* An ordinary portable furnace with a conical sheet-iron cap from two to three feet high answers the purpose perfectly well, all the requisite heat being afforded by it.

remains on the filter, except baryta and strontia, if they be present in the mineral; but as these oxides are of rare occurrence in silicates no allusion will be made to them here.

55. To the filtrate add carbonate of ammonia, and boil for some time, when all the lime will be precipitated as carbonate; add a few drops of a solution of carbonate of ammonia to the hot solution, to be sure that all the lime is precipitated. Should this be the case, filter; the filtrate will contain the chlorides of the alkalies and chloride of ammonium. It is evaporated to dryness over a water-bath in a small platinum capsule; the capsule is carefully heated to expel the sal ammoniac, and finally warmed up to 700 or 800° F. It is then weighted with its contents, and the chlorides, if mixed, separated in the way mentioned (45 and 46). The amount of sal ammoniac to be expelled is quite small, not equaling the weight of mineral originally employed.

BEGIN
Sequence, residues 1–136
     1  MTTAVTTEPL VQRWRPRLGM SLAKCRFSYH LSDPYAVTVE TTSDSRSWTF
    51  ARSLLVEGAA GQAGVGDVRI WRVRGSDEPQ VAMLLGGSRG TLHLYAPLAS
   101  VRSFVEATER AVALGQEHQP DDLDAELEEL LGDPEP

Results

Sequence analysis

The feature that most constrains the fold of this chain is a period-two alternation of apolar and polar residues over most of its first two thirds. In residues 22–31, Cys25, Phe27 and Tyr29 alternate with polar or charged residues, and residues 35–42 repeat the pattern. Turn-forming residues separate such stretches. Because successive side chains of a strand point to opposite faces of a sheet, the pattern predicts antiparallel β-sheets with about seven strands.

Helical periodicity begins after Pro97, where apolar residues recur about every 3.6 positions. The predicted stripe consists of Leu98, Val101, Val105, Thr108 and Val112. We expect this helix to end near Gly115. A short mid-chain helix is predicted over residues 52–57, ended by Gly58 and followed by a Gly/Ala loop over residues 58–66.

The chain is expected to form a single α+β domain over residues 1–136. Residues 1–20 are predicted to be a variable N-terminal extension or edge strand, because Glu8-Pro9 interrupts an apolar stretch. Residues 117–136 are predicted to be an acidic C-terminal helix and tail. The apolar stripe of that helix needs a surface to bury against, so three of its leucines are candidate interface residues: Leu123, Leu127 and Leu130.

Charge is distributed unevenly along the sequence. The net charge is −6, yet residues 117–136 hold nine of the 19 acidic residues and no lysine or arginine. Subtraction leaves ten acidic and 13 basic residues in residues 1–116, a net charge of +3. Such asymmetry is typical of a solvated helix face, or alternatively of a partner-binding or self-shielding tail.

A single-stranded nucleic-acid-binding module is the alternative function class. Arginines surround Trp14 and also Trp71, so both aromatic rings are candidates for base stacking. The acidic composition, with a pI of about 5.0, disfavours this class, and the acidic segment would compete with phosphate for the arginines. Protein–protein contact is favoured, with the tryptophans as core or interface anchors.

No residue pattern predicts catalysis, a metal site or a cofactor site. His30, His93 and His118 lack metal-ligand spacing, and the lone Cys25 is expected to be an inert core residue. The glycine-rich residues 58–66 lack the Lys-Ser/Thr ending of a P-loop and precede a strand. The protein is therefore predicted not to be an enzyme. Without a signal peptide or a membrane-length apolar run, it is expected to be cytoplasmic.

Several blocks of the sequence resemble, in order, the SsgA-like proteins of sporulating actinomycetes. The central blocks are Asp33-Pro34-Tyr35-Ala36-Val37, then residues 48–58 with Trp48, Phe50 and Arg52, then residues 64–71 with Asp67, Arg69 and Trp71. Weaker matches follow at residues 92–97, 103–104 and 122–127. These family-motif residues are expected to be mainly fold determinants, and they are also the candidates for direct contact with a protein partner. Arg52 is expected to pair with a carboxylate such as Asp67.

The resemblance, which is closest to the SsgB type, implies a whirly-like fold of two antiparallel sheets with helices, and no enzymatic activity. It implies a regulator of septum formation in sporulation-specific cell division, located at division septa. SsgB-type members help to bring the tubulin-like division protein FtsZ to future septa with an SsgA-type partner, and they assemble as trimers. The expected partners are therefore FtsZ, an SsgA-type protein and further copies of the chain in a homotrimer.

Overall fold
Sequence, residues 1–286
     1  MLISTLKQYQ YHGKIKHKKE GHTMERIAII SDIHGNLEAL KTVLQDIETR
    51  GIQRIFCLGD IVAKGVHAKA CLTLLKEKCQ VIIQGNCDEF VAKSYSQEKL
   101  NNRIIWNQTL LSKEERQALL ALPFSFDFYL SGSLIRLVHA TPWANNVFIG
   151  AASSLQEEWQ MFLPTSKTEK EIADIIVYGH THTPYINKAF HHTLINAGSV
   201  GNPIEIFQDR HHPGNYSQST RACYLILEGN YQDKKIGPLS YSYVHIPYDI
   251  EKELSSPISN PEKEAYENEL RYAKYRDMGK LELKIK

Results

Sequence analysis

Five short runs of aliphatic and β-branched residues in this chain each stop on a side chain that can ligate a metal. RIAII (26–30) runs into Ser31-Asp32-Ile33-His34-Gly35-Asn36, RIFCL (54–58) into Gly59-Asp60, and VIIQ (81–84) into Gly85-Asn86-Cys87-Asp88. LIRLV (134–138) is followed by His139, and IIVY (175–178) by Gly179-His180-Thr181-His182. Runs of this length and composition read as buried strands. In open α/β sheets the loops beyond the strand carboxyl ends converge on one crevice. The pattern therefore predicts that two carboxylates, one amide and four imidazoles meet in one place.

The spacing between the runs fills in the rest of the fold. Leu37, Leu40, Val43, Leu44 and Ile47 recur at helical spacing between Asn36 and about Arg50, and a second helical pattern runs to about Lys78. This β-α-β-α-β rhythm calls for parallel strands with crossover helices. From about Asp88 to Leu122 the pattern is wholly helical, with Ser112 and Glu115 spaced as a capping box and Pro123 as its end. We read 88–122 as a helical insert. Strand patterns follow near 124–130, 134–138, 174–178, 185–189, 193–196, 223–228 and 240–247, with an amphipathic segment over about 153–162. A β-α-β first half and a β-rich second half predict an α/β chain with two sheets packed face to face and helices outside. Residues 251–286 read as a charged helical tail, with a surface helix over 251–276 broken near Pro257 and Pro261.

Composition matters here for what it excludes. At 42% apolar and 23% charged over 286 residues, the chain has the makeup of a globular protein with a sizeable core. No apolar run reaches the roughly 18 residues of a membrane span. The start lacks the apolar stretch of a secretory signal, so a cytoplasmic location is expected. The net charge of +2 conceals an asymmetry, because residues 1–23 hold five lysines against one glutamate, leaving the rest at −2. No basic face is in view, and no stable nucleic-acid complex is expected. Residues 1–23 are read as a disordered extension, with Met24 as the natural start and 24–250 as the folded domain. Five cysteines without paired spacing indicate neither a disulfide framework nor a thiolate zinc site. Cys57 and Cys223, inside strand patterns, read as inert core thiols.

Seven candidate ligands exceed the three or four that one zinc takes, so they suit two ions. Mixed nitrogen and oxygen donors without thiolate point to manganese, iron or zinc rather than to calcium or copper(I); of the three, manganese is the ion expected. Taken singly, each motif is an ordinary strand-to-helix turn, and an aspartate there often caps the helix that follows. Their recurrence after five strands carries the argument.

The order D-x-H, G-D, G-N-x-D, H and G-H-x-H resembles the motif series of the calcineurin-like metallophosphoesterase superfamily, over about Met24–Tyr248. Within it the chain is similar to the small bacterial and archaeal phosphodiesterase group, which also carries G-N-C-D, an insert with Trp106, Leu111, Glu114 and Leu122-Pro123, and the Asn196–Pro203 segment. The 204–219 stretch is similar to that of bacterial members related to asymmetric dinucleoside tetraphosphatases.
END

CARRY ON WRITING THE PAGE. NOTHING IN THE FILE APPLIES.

56. Nothing in analysis can be simpler or more speedy than this process. Its constant accuracy still lacked some little to render it perfect, as usually an amount of alkali remains behind, represented by from two tenths to one per cent. of the mineral used; certainly a small amount, but still too much to be omitted in an accurate analysis. This also must be arrived at, and it can be accomplished in the following manner.

57. After the fused mass has been treated with water filtered and washed as in 54, the filter and its contents are dried; the latter are detached from the filter and rubbed up in a glazed mortar with an amount of sal ammoniac equal to one half the weight of the mineral, and reheated in a platinum crucible exactly as in the first instance, treated with water, thrown on a filter and washed, the filtrate added to that from the first fusion, the whole treated with carbonate of ammonia, and completed as in 55.

58. This second fusion complicates the method but little, as the residue on the filter readily dries in a water-bath into a powder that is easily detached from the filter, and the small portion adhering to the latter may be disregarded, as the alkalies remaining rarely exceed more than one five-hundredth of the whole mass, and in most instances not more than one thousandth. In many analyses made one fusion sufficed for the entire extraction of the alkalies; but as a few tenths would